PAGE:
How to tell if a mirror is old? Mirrors made before 1850 have glass that reflects a yellow or gray color, while mirrors made after that have thinner glass that reflects white. Aluminum backed mirrors reflect true white. One trick dealers use is to place a white index card against the glass and see if the reflection and the card match. Inspect the frame carefully for manufacturer's marks; and for those attached to dressers, you may remove the backing and often the date made is on the back of the mirror.

What can I expect to spend on an antique or vintage mirror? A simple oak or mahogany framed wall mirror can be found for $89 to $200. Mirrors dating to the 1800s are priced upwards of $10,000 to $20,000.

Let there be light!

Let there be light
Since Thomas A. Edison produced the first commercially successful incandescent lamp in 1879, lamps have evolved to be statement pieces and works of metal and glass art. More than that, vintage lamps lend a unique aesthetic to your decor and can be valuable investments.

According to Invaluable, to be considered vintage, a general rule of thumb is the lamp has been made within the last 100 years, but not in the last twenty years. Lamps made in the last two decades are considered modern lighting. The value of a vintage lamp is largely determined by the maker or designer, the popularity of the period in which the lamp was designed (such as Art Deco or Mid-Century Modern), and original condition.

Vintage lamp connoisseurs prefer the lamp to be in original working condition with all or most of its original parts. Vintage lamp shades, especially those made with fiberglass, can become brittle over time and require extra care when handling. Cotton wrapped cords were used on lamps in the 1930s through the late 50s-early 60s, although some lamps have been rewired with reproduction cotton wrapped cords. Rewiring a vintage lamp is likely to increase its value and give you peace of mind if you plan to use the lamp regularly.

How can you tell if a lamp is valuable?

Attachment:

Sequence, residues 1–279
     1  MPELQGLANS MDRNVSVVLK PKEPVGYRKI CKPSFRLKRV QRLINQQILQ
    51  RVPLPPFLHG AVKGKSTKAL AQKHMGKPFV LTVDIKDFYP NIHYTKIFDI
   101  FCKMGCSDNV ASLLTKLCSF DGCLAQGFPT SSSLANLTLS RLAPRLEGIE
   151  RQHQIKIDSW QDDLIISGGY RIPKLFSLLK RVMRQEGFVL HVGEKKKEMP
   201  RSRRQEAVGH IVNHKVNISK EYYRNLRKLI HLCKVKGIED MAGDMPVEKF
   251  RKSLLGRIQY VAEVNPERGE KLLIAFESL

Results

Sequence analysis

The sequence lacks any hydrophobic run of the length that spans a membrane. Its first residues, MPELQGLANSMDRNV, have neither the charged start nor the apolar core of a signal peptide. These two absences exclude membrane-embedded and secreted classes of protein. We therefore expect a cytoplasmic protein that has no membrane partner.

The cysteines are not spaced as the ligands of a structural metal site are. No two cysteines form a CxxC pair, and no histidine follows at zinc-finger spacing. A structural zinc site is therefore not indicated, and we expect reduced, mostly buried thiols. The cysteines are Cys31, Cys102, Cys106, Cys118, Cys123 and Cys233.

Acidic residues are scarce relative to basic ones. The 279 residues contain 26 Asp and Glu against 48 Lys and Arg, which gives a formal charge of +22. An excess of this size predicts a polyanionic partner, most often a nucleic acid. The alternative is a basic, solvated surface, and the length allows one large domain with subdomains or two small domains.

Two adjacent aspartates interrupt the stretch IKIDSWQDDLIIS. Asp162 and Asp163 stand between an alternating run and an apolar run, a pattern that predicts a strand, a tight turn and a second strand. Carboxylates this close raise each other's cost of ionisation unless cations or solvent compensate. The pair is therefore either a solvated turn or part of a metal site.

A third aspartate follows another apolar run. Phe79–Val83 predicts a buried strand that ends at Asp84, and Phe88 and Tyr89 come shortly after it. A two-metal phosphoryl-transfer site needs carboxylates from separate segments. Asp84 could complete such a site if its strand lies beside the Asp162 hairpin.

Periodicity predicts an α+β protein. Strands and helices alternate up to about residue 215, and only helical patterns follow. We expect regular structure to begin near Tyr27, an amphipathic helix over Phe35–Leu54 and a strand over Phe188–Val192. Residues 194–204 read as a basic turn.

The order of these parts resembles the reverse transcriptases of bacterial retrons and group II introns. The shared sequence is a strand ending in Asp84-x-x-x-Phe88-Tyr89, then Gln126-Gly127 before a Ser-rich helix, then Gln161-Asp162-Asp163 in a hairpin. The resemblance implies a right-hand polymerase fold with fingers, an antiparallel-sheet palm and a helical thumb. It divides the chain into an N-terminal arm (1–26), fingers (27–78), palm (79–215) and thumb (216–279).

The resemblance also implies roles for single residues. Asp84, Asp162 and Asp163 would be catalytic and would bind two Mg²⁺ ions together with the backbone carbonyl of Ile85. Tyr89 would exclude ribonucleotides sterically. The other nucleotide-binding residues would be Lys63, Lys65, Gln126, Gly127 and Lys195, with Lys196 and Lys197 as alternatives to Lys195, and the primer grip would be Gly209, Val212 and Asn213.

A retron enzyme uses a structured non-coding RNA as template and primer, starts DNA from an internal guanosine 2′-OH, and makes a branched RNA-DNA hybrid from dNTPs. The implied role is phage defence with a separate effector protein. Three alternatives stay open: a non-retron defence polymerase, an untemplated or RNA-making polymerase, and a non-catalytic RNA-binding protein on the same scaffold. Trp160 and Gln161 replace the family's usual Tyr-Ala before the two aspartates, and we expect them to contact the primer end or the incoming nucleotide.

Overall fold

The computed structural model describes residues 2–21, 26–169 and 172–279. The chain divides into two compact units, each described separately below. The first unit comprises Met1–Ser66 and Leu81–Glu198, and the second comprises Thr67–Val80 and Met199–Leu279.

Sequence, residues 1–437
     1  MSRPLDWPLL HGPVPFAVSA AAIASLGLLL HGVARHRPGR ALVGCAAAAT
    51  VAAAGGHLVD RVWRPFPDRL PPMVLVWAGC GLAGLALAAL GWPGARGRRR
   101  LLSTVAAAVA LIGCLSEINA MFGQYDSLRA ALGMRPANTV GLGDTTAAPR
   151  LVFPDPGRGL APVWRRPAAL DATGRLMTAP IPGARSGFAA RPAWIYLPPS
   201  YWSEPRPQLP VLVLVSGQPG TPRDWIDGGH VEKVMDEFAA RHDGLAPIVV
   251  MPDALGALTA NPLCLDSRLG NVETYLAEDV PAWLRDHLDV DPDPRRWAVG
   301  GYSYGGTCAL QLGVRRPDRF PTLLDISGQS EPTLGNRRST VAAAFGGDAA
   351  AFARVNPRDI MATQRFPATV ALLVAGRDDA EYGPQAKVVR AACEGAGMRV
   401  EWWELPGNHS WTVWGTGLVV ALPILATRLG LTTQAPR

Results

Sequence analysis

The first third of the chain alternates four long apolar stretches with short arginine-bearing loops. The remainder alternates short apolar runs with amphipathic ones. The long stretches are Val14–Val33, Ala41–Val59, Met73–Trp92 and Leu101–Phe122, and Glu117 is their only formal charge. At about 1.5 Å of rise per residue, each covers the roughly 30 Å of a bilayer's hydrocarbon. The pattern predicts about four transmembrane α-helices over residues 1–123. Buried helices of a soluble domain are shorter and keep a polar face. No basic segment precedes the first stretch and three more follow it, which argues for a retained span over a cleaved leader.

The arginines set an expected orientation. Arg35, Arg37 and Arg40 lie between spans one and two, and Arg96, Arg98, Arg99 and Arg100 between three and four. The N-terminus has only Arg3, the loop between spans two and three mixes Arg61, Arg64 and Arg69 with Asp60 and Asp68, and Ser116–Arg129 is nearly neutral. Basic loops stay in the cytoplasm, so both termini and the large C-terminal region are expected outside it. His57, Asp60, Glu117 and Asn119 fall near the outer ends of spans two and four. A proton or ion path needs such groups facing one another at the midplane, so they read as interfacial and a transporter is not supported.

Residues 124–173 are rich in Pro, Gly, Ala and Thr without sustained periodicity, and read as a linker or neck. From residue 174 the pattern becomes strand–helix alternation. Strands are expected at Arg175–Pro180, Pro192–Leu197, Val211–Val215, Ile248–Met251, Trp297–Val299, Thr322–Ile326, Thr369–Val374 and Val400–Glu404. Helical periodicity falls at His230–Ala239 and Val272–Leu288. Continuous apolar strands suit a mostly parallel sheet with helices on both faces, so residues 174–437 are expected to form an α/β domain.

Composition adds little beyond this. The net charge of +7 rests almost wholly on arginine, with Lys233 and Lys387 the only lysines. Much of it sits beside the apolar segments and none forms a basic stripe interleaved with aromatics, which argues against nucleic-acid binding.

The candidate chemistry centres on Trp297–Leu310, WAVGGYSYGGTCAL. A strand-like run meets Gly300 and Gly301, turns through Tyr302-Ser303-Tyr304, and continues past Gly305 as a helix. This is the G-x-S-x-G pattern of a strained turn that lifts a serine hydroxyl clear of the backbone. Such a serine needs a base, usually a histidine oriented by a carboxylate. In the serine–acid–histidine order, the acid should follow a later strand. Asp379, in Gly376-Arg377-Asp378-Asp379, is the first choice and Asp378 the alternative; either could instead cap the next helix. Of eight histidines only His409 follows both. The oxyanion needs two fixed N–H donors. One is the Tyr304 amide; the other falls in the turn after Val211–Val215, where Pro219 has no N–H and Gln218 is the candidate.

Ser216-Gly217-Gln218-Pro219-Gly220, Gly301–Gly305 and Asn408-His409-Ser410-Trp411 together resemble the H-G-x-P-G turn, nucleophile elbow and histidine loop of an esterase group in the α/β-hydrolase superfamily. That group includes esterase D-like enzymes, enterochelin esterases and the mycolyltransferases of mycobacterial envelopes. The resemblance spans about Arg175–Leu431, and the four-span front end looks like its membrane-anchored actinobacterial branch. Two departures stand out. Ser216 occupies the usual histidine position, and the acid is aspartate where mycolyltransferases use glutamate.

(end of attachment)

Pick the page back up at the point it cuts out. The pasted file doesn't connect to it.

• If the base is metal, lightly scratch it in an inconspicuous location to make sure it is not a painted less valuable metal. Check for solid bronze or brass by using a magnet as the magnet will not stick. Copper was occasionally used as a design element.
  • Look for lamps that have metal figural elements, geometric designs, blown glass, painted porcelain, slag glass, reverse painted glass, or stained glass, along with precious materials such as bone, ivory, jade, rose quartz, or pink tourmaline.
  • Carefully check stained glass to make sure it is not plastic. Glass will be cold to the touch, there may be hairline cracks in the glass, and it will be heavier. Stained glass is made with copper foiling; look for uniformity of lead lines and a smooth solder bead.
  • A manufacturer or designer label is likely found on the base, sometimes etched just below the cord at the base, and in modern lamps, it may be on the pull. Some of the most valuable designers include: Tiffany Studios, Pairpoint, Handel, Gustav Stickley, Frankart, Murano, Stiffel,Bradley and Hubbard, Fulper, Dirk Van Erp Studio, Edward Miller and Company, and Aladdin Industries.
  • Finally, don’t forget the bulbs. A vintage Edison or early Weston bulb is a rare find, with a Edison currently retailing for $675-$1,100.